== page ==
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Transience

Thoughts and cultural references are transient

I was thinking about so many things being transient, but actually everything is.

Thoughts are remarkably transient; they come and then they’re gone in the twinkling of an eye, never to be remembered. Well, not without a pen or a stylus to hand.

And my eye doesn’t twinkle as much these days; is that age related?

Given the chance, I write thoughts down in a quick jumble before I forget them, then sort them out and make them legible later. Trouble is, sometimes I can’t read them or work out what I might have been thinking. Probably nothing of historical significance anyway.

I’ve realised of late the transient nature of cultural references and the huge percentage that are completely irrelevant to younger people, and also noticed that it becomes more pronounced as you get older.

It’s part of my, undoubtedly annoying, nature to make asinine remarks during conversations, in relation to comments that people make and about events, probably linked to my problem with word finding. However, as I get older, many of the references that I might link to these events or comments are also ageing, and therefore mean absolutely nothing to the reluctant, and frequently younger, addressees.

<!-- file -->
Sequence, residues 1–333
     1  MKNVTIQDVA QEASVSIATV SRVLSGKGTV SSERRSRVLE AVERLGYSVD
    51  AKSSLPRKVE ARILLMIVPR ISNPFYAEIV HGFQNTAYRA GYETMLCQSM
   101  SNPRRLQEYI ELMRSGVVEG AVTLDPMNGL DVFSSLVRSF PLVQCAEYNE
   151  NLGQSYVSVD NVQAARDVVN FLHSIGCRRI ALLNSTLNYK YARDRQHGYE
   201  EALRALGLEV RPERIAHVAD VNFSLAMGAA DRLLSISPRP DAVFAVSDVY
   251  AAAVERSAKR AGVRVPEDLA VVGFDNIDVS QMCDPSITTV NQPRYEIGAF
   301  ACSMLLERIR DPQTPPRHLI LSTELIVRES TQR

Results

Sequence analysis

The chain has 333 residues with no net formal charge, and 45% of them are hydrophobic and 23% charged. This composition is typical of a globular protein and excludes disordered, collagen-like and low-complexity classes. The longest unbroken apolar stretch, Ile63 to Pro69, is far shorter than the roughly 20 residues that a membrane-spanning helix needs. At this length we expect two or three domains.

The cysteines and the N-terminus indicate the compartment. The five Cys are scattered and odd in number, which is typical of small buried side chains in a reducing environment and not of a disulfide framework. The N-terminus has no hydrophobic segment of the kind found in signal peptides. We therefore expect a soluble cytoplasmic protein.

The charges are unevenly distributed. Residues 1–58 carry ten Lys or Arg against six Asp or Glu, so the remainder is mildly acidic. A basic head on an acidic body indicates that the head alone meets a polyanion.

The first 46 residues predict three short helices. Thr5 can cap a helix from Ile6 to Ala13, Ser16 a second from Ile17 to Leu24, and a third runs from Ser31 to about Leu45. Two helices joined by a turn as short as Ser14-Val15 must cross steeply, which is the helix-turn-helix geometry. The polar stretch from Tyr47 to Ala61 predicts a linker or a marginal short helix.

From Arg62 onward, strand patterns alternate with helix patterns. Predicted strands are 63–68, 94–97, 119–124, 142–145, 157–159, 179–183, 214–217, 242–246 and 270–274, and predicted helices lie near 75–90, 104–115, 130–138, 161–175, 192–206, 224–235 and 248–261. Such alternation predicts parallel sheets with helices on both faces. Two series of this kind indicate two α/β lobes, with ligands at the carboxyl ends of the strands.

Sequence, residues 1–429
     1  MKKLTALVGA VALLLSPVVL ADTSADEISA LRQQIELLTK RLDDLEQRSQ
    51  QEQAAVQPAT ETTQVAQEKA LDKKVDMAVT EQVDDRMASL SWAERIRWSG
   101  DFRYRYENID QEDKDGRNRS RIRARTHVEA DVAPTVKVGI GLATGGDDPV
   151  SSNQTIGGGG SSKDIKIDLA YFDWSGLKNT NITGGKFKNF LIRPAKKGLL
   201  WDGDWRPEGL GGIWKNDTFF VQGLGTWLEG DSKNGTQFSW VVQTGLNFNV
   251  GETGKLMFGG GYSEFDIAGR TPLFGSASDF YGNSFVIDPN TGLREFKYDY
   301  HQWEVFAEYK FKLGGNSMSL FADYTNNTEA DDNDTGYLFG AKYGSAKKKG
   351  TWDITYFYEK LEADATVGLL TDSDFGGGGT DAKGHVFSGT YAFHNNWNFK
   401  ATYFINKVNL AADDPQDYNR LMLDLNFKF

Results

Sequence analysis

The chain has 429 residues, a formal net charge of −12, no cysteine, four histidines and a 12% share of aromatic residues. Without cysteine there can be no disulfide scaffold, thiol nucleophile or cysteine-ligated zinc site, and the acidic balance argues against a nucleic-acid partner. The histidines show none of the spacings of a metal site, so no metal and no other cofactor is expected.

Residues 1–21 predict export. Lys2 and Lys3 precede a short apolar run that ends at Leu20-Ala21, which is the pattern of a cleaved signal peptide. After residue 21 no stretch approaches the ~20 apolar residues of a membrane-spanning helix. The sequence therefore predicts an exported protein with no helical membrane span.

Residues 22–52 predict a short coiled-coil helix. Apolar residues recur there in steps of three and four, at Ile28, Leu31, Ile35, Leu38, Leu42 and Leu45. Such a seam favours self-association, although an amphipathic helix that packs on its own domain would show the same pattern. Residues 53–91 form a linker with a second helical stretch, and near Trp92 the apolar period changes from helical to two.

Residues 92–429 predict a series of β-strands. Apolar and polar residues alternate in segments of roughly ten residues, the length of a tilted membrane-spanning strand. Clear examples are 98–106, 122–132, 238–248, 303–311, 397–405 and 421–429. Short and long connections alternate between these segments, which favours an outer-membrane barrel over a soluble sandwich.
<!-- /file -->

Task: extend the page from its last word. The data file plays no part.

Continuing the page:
If I’m making reference to something that happened thirty or forty years ago, and the recipients of my remarks are under the age of thirty or forty, it’s likely that my comment will mean absolutely nothing to them. There will be no corresponding cultural reference point and my pithy and pertinent remark will be irrelevant and immaterial.

Damn, now I’m even less relevant than I used to be, and that was starting from a low base.

Everything is transient. Transience makes a change, and change is good for you.

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